- the in-band power transmitted by the at least one antenna represents transmission power of the wireless signal within the predetermined frequency spectrum; and

- the out-of-band power transmitted by the at least one antenna represents transmission power of the wireless signal outside of the predetermined frequency spectrum.

24. The method of claim 22, wherein the comparison of the out-of-band power and the in-band power transmitted by the at least one antenna represents impedance matching characteristics between the at least one antenna with the at least one variable impedance device and/or the power amplifier.

25. The method of claim 24, wherein the variation of impedance characteristics of the at least one antenna is determined by measurement of out-of-band power compared with the in-band power transmitted by the at least one antenna.

26. The method of claim 21, wherein the mapping function is represented by a polynomial sequence with the coefficients of the mapping function representing the weighting of the polynomial elements.

27. The method of claim 26, wherein the polynomial sequence is a linear combination of orthogonal polynomials.

28. The method of claim 27, wherein the orthogonal polynomials are Hermite polynomials.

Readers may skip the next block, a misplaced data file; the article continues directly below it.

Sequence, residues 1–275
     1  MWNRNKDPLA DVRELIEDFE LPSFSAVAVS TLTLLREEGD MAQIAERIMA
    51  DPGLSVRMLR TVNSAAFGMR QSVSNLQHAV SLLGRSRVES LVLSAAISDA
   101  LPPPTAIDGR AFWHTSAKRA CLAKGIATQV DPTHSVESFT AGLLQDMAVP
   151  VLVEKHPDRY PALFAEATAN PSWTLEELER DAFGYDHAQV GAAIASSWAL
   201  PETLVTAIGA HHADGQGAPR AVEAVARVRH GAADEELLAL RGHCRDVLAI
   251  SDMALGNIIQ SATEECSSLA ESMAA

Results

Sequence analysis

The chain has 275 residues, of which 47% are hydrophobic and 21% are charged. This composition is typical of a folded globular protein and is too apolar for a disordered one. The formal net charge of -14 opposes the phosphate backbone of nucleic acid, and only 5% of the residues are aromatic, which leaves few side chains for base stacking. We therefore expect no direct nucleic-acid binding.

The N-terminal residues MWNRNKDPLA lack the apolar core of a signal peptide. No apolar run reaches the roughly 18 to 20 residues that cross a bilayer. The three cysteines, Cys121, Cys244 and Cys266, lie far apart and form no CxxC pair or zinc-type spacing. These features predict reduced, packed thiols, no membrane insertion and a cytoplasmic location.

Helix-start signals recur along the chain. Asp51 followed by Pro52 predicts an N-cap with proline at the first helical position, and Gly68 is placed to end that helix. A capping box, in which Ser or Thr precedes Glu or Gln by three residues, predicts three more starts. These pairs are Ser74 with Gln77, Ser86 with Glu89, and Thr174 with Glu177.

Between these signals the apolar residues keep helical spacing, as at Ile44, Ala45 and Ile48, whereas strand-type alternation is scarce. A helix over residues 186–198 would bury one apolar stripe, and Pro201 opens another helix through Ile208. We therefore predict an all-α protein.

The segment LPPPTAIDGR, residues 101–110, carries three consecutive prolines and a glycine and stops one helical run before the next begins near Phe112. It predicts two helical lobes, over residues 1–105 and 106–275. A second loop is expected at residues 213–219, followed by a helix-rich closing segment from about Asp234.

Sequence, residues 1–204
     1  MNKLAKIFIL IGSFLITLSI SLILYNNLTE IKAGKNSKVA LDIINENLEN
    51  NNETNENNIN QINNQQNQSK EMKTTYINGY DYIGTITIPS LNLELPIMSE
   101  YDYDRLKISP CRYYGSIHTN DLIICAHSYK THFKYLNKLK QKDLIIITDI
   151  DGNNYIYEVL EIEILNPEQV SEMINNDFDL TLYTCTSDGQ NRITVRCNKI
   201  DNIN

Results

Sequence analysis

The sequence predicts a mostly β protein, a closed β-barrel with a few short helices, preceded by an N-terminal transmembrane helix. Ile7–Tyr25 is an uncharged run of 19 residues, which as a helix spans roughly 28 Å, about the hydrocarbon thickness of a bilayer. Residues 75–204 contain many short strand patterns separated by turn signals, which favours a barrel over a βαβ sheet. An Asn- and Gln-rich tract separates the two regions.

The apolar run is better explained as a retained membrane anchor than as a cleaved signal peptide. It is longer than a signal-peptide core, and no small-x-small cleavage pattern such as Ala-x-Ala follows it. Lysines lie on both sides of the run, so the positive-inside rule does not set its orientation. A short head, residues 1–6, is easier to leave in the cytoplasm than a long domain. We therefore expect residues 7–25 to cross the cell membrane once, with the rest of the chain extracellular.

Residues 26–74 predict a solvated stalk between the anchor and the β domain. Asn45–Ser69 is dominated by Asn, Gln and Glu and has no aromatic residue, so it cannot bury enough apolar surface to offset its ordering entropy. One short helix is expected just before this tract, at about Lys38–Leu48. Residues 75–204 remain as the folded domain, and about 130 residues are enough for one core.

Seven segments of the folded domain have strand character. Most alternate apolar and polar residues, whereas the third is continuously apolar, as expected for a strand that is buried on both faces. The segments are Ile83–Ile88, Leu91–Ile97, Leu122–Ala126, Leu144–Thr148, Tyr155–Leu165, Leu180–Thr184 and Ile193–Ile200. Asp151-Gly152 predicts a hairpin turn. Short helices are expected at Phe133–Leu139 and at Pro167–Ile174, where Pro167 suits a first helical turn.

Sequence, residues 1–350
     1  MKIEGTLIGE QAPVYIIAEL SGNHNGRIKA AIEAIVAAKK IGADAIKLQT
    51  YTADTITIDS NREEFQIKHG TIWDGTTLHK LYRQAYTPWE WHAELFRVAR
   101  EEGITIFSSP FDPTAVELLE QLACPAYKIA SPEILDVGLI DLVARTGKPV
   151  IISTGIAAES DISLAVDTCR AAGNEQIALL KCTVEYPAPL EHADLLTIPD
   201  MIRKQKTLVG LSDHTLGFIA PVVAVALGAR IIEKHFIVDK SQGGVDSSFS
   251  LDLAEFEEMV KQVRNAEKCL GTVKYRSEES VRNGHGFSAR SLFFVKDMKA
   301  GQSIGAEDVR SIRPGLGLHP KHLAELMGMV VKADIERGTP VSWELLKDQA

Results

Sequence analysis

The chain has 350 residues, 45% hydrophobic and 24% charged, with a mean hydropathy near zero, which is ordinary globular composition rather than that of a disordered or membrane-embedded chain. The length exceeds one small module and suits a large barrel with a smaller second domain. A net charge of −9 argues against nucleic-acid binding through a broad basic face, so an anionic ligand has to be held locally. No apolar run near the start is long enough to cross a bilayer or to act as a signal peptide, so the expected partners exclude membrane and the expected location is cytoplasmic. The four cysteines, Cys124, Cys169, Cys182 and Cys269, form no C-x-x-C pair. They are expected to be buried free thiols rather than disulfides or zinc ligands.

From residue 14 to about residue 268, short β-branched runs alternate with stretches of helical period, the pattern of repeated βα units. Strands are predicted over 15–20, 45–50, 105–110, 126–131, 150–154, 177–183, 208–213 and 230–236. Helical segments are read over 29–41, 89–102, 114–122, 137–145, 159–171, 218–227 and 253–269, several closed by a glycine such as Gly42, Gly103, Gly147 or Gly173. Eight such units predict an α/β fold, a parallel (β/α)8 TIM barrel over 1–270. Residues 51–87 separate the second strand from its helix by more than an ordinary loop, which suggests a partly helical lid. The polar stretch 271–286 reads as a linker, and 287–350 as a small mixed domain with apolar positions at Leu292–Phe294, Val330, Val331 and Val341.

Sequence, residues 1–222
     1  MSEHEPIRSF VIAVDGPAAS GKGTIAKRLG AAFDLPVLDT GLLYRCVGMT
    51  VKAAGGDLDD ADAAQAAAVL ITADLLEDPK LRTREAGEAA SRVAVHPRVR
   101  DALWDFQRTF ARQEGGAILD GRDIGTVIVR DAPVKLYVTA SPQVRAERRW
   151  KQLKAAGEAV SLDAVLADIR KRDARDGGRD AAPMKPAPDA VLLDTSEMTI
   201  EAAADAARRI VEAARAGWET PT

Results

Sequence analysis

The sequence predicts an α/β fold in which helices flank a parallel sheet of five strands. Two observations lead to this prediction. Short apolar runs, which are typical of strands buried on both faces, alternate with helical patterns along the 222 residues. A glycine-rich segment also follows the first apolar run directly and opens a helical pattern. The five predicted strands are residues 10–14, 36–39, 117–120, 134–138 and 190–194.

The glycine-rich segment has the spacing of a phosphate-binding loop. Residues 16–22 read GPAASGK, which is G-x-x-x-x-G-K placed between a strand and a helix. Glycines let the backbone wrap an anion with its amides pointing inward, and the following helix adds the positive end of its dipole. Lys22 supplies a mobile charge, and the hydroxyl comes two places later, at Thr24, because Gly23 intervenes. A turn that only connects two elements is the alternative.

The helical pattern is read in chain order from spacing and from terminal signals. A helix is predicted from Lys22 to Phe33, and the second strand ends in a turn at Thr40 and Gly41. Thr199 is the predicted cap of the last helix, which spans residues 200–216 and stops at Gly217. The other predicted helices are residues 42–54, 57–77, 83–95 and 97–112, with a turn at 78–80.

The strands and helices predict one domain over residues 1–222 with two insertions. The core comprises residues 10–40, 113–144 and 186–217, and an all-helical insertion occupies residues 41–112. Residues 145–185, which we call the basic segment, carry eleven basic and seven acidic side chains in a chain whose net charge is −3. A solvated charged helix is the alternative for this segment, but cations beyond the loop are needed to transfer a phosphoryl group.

29. The method of claim 21, wherein a variable of the mapping function is the difference between an instantaneous value of the supply voltage of the power amplifier and a long-term average of the supply voltage of the power amplifier.

30. The method of claim 21, wherein the coefficient of the mapping function are determined by adaptive loops that vary the coefficients of the mapping function.

31. The method of claim 30, wherein the adaptive loops apply an orthogonal dither to dynamically determine the coefficients of the mapping function.

32. The method of claim 19, wherein the at least one variable impedance device dynamically varies input impedance as seen by the power amplifier.

33. The method of claim 19, wherein the at least one variable impedance device dynamically varies output impedance as seen by the at least one antenna.

34. The method of claim 19, wherein:

- the at least one variable impedance device dynamically varies input impedance as seen by the power amplifier;

- the at least one variable impedance device dynamically varies output impedance as seen by the at least one antenna; and

- the combination of the input impedance as seen by the power amplifier and the output impedance as seen by the at least one antenna are the optimized impedance characteristics of the at least one variable impedance device.

35. The method of claim 19, wherein the method is implemented in at least one of a mobile device, cellular telephone, smart phones, tablet, laptop computer, battery operated, or a stationary device that operates without a battery power source.

**Patent History**

**Publication number**: 20170366144

**Type:**Application

**Filed**: Jul 6, 2017

**Publication Date**: Dec 21, 2017

**Patent Grant number**: 9979359

**Applicant**: CrestCom, Inc. (Scottsdale, AZ)

**Inventor**: RONALD DUANE MCCALLISTER (SCOTTSDALE, AZ)

**Application Number**: 15/642,647

**Classifications**

**International Classification**: H03F 1/56 (20060101); H03F 1/02 (20060101); H03F 3/24 (20060101); H04W 52/04 (20090101); H04B 1/04 (20060101);